A decade later, as data on overuse and overdiagnosis mount the BMJ announces its Too Much Medicine campaign aiming to highlight the threat to human health posed by overdiagnosis and the waste of resources on unnecessary care.
There is growing evidence that many people are overdiagnosed and overtreated for a wide range of conditions, such as prostate and thyroid cancers, asthma, and chronic kidney disease.
Through the campaign, the journal plans to work with others to increase awareness of the benefits and harms of treatments and technologies and develop ways to wind back medical excess, safely and fairly. This editorial by Fiona Godlee, editor in chief of The BMJ and overdiagnosis researcher Ray Moynihan, senior research fellow at Bond University, Australia, explains more about the campaign:
Dr Godlee said: “Like the evidence based medicine and quality and safety movements of previous decades, combatting excess is a contemporary manifestation of a much older desire to avoid doing harm when we try to help or heal.
Making such efforts even more necessary are the growing concerns about escalating healthcare spending and the threats to health from climate change. Winding back unnecessary tests and treatments, unhelpful labels and diagnoses won’t only benefit those who directly avoid harm, it can also help us create a more sustainable future.”
The BMJ was a partner in the international scientific conference, Preventing Overdiagnosis, held in September 2013 in Hanover, New Hampshire. The conference brought together the research and researchers, advanced the science of the problem and its solutions, and developed ways to better communicate about this modern epidemic.
How the World’s Biggest Pharmaceutical Companies are turning Us All into Patients
A lot of money can be made from healthy people who believe they are sick. Pharmaceutical companies sponsor diseases and promote them to prescribers and consumers. Thirty years ago, Henry Gadsden, the head of Merck, one of the world’s largest drug companies, told Fortune magazine that he wanted Merck to be more like chewing gum maker Wrigley’s. It had long been his dream to make drugs for healthy people so that Merck could “sell to everyone.” Gadsden’s dream now drives the marketing machinery of the most profitable industry on earth. Drug companies are systematically working to widen the very boundaries that define illness, and the markets for medication grow ever larger. Mild problems are redefined as serious illness and common complaints are labeled as medical conditions requiring drug treatments. Runny noses are now allergic rhinitis, PMS has become a psychiatric disorder, and hyperactive children have ADD. When it comes to conditions like high cholesterol or low bone density, being “at risk” is sold as a disease. Selling Sickness reveals how widening the boundaries of illness and lowering the threshold for treatments is creating millions of new patients and billions in new profits, in turn threatening to bankrupt health-care systems all over the world. As more and more of ordinary life becomes medicalized, the industry moves ever closer to Gadsden’s dream: “selling to everyone.”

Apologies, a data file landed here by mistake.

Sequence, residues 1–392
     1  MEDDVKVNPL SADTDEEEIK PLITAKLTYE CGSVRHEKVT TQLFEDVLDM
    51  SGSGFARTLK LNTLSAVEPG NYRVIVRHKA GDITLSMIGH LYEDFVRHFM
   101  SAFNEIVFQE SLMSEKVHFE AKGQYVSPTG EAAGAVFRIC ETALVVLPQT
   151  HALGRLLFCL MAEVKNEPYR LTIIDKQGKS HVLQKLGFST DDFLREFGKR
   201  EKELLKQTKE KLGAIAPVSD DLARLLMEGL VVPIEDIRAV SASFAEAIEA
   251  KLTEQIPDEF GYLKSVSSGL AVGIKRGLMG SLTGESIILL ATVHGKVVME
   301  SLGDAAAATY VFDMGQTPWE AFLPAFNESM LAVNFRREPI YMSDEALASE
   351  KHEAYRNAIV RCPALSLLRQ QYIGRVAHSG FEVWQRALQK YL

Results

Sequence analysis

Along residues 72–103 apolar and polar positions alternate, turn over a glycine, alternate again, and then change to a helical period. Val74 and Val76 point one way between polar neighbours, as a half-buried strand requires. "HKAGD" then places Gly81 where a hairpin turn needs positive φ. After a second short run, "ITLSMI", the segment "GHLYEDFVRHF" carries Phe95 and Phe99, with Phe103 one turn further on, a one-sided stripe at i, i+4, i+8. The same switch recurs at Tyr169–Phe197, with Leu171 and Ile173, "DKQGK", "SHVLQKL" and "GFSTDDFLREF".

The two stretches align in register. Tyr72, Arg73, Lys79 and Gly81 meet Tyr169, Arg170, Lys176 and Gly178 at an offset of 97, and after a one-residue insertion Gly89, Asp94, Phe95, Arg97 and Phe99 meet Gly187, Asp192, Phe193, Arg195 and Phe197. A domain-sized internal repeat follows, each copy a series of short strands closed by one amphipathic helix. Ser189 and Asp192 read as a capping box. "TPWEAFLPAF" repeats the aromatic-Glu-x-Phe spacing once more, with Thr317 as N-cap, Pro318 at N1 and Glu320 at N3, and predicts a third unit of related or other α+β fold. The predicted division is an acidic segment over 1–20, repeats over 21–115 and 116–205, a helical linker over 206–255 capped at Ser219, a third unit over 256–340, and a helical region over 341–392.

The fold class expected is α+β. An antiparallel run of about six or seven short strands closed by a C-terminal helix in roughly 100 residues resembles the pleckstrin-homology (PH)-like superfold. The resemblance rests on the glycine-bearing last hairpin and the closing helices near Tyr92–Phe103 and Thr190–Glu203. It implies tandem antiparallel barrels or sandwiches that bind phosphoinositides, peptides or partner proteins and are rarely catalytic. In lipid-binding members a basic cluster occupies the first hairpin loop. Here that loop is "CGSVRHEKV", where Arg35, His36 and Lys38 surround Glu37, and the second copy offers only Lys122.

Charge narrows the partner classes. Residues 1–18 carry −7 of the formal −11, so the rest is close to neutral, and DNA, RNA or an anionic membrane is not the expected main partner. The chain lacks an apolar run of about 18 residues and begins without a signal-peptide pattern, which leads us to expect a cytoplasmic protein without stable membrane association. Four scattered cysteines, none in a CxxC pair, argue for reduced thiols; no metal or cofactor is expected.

Ray Moynihan, Iona Heath, and David Henry give examples of disease mongering and suggest how to prevent the growth of this practice. Selling sicknes book is organized as a series of case studies, each focused on a particular drug. Each chapter explores a different aspect of drug marketing, with evidence drawn from published editorials, news reports, academic journals, and, most interestingly, original interviews with physician-spokespersons and pharmaceutical sales experts.